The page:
Album review by KevW
Allan Carl Newman is now comfortably into his mid 40s and like many other alternative heroes of a similar age (Teenage Fanclub, Spiritualized, Neil Halstead etc.) this maturity hasn't effected the quality of his output by any means, but it has taken away some of the youthful edge and experimentation in favour of subjects such as "birth, death, happiness and sadness, chronicling a time in my life where all those things had to learn to coexist side by side". 'Shut Down The Streets' marks the fourth solo outing for AC Newman and although the New Pornographers man is in more reflective mood he maintains a great sense of melody accompanied songwriting of a high calibre; it's not simply a record that will resound with others who've reached a similar point in life.
If you're looking for the powerpop numbers of old you'll still find them, although they may not quite be as carefree as before. 'I'm Not Talking' is like the combined work of Ben Folds (a regular comparison, most prominent here on the ace 'Encyclopedia Of Classic Takedowns') and Neil Young, a description that fits much of the album, with just a little indiepop mixed in here and there and the faint undertow of The Beach Boys. It's often the arrangements that make the songs; if you were to take the bare bones 'Do Your Own Time' or 'There's Money In New Wave' they'd work well enough, but some with added decoration they sparkle that little bit more. There are faintly psychedelic tinges to the barbershop Americana of 'You Could Get Lost Out Here', a sound that suits him remarkably well.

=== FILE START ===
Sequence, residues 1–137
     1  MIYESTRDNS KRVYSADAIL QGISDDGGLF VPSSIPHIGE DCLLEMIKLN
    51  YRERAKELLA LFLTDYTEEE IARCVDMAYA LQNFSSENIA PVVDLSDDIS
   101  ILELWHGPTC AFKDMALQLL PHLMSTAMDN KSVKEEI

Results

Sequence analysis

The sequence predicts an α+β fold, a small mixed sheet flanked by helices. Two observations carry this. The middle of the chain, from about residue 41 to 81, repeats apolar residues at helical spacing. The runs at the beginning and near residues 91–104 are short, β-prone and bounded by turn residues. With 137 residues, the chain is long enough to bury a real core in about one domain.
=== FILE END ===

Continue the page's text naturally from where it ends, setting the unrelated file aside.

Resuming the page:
Surprisingly it's some of the more introspective and biographical songs that provide the highlights, 'Strings' is a particularly impressive example and the poppy 'Hostages' could be a good starting point for those who prefer to sample the odd track before diving headfirst into a full album, or maybe the mellow yet slightly anthemic 'Wasted English'. 'Shut Down The Streets' gives the impression that AC Newman is more than comfortable with his music; this is confident, accomplished and sounds like the work of a man gracefully hitting his stride, although it's never smug. Another great attribute to this album is that it will have a fairly universal appeal. By the time you reach the closing pair of 'The Troubadour' and 'They Should Have Shut Down The Streets' the temptation is there to go back and play the whole thing again. It may be mature and thoughtful, but it's jam packed with instantly likeable alternative pop tunes with it.
Free download: 'Encyclopedia Of Classic Takedowns'
AC Newman's website
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